January 2015

Susan Harlan


Requiem for a Bookstore


The Complete Traveller Antiquarian Bookstore at Madison Avenue and 35th Street in New York City closed on December 31 after over thirty years in business. It was a place that lined the world up on shelves. It was a temple to travel. Now, its collections are only available online.

The closure was due in part to a rent hike, as the manager Mike Durell explained to me. Durell, who is also a freelance writer, actor, and musician, has managed the store since 2007, and he spoke of it as a second home. A place you can browse.

I went to browse. The Complete Traveller housed roughly 7,000 books. Some were about journeys already undertaken; others helped travelers plan for future journeys. Some were not so much travel books as books about particular places. “Travel” is a capacious term, and the store brought together all sorts of materials. Animals of a particular region. Wines of a particular country. Anything that helped us to better understand places other than where we live.

On one wall were hundreds of small, red Baedekers. Durell said that he had counted them a few days before: “I have the number 542 stuck in my mind.”

I took a few off the shelf and looked through them. Northern Germany. Southern Germany. Central Italy. I thought of all the people who carried these books around decades ago, or a hundred years ago, and set them down on café tables or took them out to read about a stained-glass window in a church.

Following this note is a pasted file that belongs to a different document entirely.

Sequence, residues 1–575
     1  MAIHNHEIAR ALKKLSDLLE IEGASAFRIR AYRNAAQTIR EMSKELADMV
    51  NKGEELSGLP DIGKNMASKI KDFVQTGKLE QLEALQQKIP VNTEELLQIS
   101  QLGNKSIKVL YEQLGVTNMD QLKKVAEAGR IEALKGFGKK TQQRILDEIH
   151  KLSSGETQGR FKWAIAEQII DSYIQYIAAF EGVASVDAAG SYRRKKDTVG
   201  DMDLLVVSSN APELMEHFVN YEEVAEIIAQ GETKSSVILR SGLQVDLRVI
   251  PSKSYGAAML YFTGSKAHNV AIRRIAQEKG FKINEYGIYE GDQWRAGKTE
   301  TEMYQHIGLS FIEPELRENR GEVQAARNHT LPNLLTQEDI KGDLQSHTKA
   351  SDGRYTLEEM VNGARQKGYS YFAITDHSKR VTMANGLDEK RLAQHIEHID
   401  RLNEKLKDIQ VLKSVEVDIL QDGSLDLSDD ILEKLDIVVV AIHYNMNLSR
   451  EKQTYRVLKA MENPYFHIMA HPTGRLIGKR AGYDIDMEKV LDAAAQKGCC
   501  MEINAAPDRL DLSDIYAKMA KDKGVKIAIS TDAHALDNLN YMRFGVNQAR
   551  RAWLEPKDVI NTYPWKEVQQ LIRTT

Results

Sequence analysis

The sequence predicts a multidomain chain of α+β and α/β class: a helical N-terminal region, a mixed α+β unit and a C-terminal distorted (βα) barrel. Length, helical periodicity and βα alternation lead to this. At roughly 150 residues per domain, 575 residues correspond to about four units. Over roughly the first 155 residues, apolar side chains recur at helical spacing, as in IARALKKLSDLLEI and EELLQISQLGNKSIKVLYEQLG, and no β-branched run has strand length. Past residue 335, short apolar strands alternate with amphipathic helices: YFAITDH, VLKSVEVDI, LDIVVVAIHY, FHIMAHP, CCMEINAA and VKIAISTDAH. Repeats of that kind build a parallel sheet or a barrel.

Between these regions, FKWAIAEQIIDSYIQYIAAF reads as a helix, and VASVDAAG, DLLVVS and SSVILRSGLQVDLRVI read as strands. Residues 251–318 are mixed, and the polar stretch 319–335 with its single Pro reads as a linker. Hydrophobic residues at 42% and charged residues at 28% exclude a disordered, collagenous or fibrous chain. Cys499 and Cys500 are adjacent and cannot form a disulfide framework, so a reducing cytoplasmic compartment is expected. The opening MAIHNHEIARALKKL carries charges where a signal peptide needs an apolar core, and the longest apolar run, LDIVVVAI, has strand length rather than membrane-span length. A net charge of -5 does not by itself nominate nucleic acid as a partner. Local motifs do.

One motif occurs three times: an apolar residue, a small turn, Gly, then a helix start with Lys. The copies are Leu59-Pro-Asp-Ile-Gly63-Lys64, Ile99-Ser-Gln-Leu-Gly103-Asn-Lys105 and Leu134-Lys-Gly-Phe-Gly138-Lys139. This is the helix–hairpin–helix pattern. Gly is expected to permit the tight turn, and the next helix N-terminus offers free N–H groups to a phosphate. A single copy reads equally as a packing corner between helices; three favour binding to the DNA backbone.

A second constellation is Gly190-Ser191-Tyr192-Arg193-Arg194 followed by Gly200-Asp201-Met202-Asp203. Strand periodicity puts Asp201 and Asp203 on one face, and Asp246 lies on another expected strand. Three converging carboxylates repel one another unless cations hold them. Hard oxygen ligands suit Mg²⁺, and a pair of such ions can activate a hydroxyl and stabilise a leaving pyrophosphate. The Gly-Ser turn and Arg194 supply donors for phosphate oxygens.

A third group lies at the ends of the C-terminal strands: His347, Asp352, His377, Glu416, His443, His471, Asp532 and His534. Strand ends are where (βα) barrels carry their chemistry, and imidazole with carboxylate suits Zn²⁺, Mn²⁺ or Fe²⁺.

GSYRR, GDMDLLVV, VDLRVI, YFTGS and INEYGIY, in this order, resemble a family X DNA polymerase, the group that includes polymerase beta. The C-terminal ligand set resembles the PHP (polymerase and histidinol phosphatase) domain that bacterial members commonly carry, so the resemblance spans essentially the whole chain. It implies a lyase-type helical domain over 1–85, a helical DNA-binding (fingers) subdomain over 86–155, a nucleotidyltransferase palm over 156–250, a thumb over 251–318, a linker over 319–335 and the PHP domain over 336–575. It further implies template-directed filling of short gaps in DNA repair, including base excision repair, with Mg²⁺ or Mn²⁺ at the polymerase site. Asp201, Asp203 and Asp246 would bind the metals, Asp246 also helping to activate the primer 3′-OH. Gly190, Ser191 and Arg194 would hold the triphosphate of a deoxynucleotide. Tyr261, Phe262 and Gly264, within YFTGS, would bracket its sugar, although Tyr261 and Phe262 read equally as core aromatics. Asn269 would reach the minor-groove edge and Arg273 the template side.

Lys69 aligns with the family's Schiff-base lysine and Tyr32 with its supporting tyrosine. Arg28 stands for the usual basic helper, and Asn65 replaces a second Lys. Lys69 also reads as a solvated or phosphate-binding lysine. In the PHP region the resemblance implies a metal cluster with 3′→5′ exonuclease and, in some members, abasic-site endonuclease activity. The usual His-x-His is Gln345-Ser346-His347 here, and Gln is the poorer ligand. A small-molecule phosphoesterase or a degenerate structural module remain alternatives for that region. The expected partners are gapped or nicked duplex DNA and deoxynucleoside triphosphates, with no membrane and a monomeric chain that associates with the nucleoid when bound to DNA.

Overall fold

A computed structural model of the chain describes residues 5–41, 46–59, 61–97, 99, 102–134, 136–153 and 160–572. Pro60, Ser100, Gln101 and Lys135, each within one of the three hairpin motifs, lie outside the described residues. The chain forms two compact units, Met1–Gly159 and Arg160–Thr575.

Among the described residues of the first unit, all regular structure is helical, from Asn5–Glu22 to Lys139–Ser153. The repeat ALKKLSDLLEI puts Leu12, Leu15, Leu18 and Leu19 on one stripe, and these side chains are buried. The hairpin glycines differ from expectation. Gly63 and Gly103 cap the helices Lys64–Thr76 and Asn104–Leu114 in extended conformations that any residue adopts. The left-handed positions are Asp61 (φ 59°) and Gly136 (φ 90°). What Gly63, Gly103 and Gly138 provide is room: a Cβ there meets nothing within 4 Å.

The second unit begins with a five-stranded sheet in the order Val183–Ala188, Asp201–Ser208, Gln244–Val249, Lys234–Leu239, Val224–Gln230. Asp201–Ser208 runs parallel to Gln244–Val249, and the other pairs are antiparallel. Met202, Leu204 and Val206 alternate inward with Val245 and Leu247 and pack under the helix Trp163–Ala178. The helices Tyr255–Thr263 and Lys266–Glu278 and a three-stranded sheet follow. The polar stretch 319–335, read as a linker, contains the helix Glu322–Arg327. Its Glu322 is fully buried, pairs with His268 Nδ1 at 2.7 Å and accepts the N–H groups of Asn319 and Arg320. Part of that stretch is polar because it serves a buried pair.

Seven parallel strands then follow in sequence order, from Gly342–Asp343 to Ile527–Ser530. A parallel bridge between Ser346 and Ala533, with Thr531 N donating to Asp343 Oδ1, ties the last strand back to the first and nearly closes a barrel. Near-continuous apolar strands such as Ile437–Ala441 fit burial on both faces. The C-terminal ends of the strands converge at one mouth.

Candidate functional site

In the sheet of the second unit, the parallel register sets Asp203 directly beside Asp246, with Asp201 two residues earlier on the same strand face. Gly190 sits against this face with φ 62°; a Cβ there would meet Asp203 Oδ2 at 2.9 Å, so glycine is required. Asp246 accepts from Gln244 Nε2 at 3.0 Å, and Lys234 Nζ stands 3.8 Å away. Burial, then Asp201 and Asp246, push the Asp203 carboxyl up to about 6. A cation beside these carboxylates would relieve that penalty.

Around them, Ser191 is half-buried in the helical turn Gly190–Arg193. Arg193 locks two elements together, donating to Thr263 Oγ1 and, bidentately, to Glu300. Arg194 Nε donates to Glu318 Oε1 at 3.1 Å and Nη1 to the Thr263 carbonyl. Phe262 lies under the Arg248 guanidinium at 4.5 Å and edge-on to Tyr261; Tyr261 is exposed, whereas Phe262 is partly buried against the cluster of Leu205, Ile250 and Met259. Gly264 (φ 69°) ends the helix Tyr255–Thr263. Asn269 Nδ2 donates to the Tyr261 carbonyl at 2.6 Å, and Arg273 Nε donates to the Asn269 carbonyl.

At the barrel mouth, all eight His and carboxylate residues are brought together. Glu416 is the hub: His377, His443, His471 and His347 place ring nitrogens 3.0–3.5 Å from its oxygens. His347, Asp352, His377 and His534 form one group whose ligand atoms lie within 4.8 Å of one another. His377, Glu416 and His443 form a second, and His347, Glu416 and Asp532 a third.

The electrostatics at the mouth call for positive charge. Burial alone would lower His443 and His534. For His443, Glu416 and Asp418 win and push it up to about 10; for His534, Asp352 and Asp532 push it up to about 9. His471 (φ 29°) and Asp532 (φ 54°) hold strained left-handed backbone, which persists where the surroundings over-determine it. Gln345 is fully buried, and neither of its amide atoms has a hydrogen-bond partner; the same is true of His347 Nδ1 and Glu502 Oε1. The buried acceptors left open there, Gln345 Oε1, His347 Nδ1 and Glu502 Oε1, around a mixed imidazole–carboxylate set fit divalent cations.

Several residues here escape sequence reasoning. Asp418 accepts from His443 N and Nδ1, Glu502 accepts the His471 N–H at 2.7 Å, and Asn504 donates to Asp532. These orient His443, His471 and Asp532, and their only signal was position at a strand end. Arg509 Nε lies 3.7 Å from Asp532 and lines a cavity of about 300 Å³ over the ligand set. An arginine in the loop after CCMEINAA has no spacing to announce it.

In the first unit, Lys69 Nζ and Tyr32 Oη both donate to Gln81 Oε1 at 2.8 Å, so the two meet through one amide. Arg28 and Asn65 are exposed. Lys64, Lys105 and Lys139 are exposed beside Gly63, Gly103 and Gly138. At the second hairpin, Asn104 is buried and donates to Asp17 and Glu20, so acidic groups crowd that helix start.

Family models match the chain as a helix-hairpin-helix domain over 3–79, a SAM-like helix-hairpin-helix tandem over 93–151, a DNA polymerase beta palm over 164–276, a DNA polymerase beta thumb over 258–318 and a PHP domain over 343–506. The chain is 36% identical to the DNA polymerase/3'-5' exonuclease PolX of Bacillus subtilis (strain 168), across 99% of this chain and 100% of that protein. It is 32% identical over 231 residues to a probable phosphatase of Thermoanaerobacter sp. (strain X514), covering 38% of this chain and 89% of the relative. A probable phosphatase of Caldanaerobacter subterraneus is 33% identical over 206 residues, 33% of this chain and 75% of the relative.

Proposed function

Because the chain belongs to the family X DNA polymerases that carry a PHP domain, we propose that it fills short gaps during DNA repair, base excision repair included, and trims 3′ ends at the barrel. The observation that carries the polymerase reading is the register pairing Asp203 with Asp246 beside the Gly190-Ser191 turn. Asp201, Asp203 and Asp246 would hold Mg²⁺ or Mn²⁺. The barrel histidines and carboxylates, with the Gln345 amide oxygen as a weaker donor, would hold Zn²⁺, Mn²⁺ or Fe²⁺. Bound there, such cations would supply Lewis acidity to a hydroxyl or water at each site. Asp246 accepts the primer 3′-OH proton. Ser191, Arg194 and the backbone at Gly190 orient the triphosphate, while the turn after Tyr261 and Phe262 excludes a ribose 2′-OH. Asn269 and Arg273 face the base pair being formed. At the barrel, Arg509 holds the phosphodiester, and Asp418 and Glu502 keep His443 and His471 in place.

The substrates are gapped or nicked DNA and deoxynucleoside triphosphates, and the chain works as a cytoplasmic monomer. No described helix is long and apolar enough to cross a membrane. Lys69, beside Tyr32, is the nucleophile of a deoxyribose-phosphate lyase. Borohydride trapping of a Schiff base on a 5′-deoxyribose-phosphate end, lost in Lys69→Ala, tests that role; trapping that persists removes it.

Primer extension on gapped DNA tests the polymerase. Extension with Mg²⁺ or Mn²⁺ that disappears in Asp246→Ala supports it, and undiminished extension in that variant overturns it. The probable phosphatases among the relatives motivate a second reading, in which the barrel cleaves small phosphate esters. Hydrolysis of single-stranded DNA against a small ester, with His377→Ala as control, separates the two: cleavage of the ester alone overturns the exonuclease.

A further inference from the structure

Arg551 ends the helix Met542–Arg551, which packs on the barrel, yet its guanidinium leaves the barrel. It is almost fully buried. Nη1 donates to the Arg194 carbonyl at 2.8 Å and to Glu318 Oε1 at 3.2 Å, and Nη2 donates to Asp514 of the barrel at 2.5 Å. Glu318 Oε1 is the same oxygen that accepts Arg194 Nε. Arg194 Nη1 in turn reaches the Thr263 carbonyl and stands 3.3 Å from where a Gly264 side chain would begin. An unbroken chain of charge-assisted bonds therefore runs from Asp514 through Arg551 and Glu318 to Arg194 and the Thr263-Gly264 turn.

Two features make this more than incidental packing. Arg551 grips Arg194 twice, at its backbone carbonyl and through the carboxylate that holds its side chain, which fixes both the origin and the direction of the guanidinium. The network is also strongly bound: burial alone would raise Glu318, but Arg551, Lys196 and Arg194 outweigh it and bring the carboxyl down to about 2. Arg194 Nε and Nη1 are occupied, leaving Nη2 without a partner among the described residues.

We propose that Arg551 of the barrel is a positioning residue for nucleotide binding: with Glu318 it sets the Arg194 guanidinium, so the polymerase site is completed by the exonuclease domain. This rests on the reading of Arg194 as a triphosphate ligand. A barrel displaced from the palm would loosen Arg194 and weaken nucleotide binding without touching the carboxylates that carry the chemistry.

Not far from the shelves of Baedekers sat a brown trunk covered with stickers. Sunshine Village, Balloon Fiesta, and I Heart Bonaire. The store itself was a lot like the trunk: it gathered things into one place; it suggested movement, displacement, and potentiality.

On one wall were old pamphlets of Hearst Castle. An Ordinance Survey Map of Southern Britain in the Iron Age, complete with 1970s-esque illustrations. A 1909 Atlas Universel Politique-Statistique-Commerce par A.L. Hickmann. Along another wall, a collection of maps. An old barrister bookcase held the A&C Black Twenty Shillings Series and the American Guides, which were produced during the Depression as part of the Works Progress Administration.

The books were certainly organized, but the Complete Traveller also rejected classification just enough to allow the visitor to forage a little. Some of the books were not travel-oriented. I came across The Rules and Scarlett, right next to one another; I hadn’t seen either of those books in years. The Potpourri section included the tantalizingly titled Miss America, 1945 and a book by Jimmy Buffett.

The poetry section was stocked with faded blue volumes of Dante Gabriel Rossetti and The Life and Land of Burns. Cowper’s Complete Poetical Works. On a nearby table, binders bulged with old receipts and handwritten delivery slips for household goods. A collection of photographs of Clark Gable. A sign announced: Holiday Grab Bags! Vintage Books in Compromised Condition – Ten Dollars the Box.